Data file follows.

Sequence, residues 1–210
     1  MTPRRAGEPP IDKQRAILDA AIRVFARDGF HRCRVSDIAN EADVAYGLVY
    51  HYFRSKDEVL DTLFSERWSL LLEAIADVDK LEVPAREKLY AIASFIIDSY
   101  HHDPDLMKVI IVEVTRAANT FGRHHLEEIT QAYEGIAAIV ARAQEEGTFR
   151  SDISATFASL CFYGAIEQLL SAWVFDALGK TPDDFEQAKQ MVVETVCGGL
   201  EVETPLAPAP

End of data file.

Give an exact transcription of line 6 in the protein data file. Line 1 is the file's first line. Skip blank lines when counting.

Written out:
   201  EVETPLAPAP